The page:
High Court Questions EPA’s Power on Climate-Change Permits

The smoke stacks at American Electric Power's (AEP) Mountaineer coal power plant in New Haven, West Virginia, October 30, 2009. In cooperation with AEP, the French company Alstom unveiled the world's largest carbon capture facility at a coal plant, so called 'clean coal,' which will store around 100,000 metric tonnes of carbon dioxide a year 2,1 kilometers (7,200 feet) underground.
National Journal
Ben Geman
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Ben Geman
Feb. 24, 2014, 12:48 p.m.

Su­preme Court swing vote An­thony Kennedy and con­ser­vat­ive justices cast skep­tic­al eyes Monday on the En­vir­on­ment­al Pro­tec­tion Agency’s green­house-gas per­mit re­quire­ments for large in­dus­tri­al pol­luters.

But the Court showed no ap­pet­ite for upend­ing its land­mark 2007 de­cision in Mas­sachu­setts v. EPA that es­tab­lished the agency’s over­all au­thor­ity to reg­u­late green­house gases, ef­forts slated to in­clude na­tion­al car­bon-di­ox­ide rules for coal-fired power plants.

In­stead, justices fo­cused on the much nar­row­er ques­tion be­fore the Court: wheth­er EPA ab­used its dis­cre­tion by in­clud­ing green­house gases in case-by-case per­mit­ting for large new and mod­i­fied sources, such as factor­ies, power plants, and re­finer­ies.

“I couldn’t find a single pre­ced­ent that strongly sup­ports your po­s­i­tion,” Kennedy told U.S. So­li­cit­or Gen­er­al Don­ald Ver­rilli at one point dur­ing Monday’s or­al ar­gu­ment.

In­dustry groups and con­ser­vat­ive states bat­tling EPA reg­u­la­tion say the agency is uni­lat­er­ally re­writ­ing Clean Air Act per­mit­ting rules to in­clude green­house gases in a way that Con­gress has not au­thor­ized.

“Con­gress does not es­tab­lish round holes for square pegs,” said Jonath­an Mitchell, the so­li­cit­or gen­er­al of Texas, one of sev­er­al con­ser­vat­ive states chal­len­ging EPA’s per­mit re­quire­ments.

“The prop­er re­sponse … is for EPA to con­clude that Con­gress nev­er del­eg­ated reg­u­lat­ory au­thor­ity over green­house gases in the [pre­ven­tion of sig­ni­fic­ant de­teri­or­a­tion, or PSD] and Title 5 pro­grams,” he told the justices Monday, re­fer­ring to the long-stand­ing air-pol­lu­tion per­mit pro­grams that, un­der the Obama ad­min­is­tra­tion, were ex­pan­ded to in­clude green­house gases.

The Court’s lib­er­al justices ap­peared sup­port­ive of EPA em­ploy­ing its dis­cre­tion to in­ter­pret pro­vi­sions of the air law that ap­ply to the per­mit­ting pro­gram.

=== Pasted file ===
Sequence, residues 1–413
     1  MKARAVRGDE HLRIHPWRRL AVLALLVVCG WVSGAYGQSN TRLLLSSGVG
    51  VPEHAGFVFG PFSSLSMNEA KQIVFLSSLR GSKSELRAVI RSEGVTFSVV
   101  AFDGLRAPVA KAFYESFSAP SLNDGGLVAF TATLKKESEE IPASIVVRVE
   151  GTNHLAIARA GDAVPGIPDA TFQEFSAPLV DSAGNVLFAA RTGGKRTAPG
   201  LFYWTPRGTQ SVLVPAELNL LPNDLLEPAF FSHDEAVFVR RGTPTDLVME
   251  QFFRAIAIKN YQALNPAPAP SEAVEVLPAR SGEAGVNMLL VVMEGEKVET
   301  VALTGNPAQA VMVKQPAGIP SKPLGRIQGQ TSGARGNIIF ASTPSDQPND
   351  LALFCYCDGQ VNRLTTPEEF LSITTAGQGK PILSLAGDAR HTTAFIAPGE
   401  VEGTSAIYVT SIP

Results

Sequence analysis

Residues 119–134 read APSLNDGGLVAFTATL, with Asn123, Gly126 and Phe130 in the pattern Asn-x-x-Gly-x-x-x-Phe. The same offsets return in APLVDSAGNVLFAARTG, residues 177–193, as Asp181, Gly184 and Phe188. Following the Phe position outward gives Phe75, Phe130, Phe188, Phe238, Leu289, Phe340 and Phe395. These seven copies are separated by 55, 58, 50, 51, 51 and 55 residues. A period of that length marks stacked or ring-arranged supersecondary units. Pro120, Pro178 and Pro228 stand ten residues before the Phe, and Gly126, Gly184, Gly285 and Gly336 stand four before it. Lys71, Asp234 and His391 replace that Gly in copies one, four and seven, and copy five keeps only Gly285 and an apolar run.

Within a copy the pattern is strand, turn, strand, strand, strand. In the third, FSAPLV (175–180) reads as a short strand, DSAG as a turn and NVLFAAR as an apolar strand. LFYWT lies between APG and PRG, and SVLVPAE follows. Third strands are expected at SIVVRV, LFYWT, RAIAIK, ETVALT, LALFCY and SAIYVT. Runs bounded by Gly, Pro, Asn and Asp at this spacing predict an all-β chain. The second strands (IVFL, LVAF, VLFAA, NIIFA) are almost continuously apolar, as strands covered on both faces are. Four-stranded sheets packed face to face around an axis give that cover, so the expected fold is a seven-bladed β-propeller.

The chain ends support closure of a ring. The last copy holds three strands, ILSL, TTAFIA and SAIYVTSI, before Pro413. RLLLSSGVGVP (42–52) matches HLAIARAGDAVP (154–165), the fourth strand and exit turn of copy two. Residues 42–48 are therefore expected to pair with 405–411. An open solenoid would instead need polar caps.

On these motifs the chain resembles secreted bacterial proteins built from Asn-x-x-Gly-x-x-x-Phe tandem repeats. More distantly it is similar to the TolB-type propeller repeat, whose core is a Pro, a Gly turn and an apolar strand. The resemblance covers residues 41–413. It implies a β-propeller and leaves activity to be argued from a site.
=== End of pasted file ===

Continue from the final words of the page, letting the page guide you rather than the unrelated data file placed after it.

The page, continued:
“Why isn’t that a clas­sic case of de­fer­ence to the agency?” asked Justice Elena Kagan, cit­ing the Su­preme Court’s 1984 de­cision in Chev­ron U.S.A. Inc. v. Nat­ur­al Re­sources De­fense Coun­cil Inc., which awards de­fer­ence to fed­er­al agen­cies to in­ter­pret laws in cases where the stat­ute it­self isn’t clear.

Sim­il­arly, Justice Steph­en Brey­er re­peatedly raised the idea that fed­er­al agen­cies have lee­way to in­ter­pret stat­utes to avoid un­in­ten­ded out­comes, not­ing at one point that laws have “im­pli­cit” ex­cep­tions “all the time.”

But con­ser­vat­ive Justice Ant­on­in Scalia said: “I don’t have as ex­pans­ive a no­tion of read­ing ex­cep­tions in­to a stat­ute that are not there as Justice Brey­er does.”

Thus far 141 fa­cil­it­ies have re­ceived green­house-gas per­mits since the PSD per­mit­ting pro­gram began ad­dress­ing cli­mate change in 2011, ac­cord­ing to pub­lished re­ports.

The PSD pro­gram re­quires use of so-called best-avail­able con­trol tech­no­logy to lim­it vari­ous pol­lut­ants, which for green­house gases has largely meant in­creased en­ergy ef­fi­ciency thus far, Ver­rilli said.

A de­cent chunk of Monday’s ar­gu­ment fo­cused on EPA’s de­cision to only be­gin reg­u­lat­ing green­house gases at an emis­sions level that far ex­ceeds the amount that trig­gers reg­u­la­tion of oth­er pol­lut­ants un­der the Clean Air Act’s per­mit rules.

EPA called this de­cision needed to avoid sweep­ing up a vast and un­man­age­able num­ber of small busi­nesses and oth­er emis­sions sources in the per­mit­ting net.

But in­dustry groups and states chal­len­ging EPA ar­gue that un­less the green­house-gas per­mit­ting is stopped in its tracks, the agency will even­tu­ally start man­dat­ing per­mits for in­creas­ingly smal­ler busi­nesses and fa­cil­it­ies.

They also say that the per­mit­ting pro­gram should not be ap­plied to green­house gases be­cause they don’t have acute, loc­al­ized pub­lic health ef­fects in the areas where they’re emit­ted.

Ver­rilli re­but­ted that ar­gu­ment. “It’s not at all un­usu­al that the EPA would be reg­u­lat­ing emis­sions in one place be­cause … they im­pose ef­fects hun­dreds or even thou­sands of miles away,” he said.

In ad­di­tion to de­fend­ing the spe­cif­ics of EPA’s per­mit pro­gram, Ver­rilli broadly framed his ar­gu­ments around the need to con­front glob­al warm­ing, which he called the “gravest en­vir­on­ment­al prob­lem that we face.”

“There really is an ur­gency here, you know, and that’s part of what’s driv­ing EPA in this situ­ation,” he said.

At the mo­ment, the per­mit­ting case ap­pears un­likely to cre­ate any new jeop­ardy for EPA’s broad­er ef­forts to reg­u­late green­house-gas emis­sions.

In par­tic­u­lar, the agency is craft­ing na­tion­al emis­sions stand­ards for power plants that rely on a sep­ar­ate pro­vi­sion of the Clean Air Act than the per­mit pro­gram be­fore the Court on Monday.

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